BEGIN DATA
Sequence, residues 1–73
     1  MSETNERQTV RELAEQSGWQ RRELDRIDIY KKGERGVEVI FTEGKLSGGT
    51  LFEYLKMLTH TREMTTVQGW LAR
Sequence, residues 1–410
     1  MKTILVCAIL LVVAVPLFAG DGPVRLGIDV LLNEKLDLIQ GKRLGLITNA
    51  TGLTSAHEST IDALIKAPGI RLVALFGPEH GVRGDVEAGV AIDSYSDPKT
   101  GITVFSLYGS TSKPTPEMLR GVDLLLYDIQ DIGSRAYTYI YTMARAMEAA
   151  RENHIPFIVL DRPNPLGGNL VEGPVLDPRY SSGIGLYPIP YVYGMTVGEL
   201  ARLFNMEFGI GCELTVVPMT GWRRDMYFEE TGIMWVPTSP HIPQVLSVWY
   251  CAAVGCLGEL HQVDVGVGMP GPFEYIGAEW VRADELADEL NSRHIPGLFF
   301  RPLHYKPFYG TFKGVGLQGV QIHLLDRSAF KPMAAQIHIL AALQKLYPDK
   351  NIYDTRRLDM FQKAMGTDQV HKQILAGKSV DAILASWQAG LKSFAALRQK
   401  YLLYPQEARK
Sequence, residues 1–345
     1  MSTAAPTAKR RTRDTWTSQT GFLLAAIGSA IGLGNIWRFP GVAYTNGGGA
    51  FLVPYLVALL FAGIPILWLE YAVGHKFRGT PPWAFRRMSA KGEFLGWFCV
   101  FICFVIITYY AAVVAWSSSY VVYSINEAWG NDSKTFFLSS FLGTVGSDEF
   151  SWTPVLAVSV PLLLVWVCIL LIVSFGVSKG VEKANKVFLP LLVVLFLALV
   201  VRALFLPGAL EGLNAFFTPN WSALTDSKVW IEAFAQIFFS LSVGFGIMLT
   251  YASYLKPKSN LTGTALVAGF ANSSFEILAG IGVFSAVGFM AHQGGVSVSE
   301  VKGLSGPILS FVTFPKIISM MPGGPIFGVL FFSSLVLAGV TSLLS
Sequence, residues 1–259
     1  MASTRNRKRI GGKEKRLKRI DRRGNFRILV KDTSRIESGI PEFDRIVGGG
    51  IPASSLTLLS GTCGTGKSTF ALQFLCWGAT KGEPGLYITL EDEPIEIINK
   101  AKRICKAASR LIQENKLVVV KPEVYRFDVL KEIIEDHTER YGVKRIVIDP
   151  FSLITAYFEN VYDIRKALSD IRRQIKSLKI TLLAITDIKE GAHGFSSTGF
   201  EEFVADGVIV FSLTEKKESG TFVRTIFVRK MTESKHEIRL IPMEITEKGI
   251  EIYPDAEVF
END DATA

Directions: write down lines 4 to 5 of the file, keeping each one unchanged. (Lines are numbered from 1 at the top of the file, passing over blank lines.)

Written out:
Sequence, residues 1–410
     1  MKTILVCAIL LVVAVPLFAG DGPVRLGIDV LLNEKLDLIQ GKRLGLITNA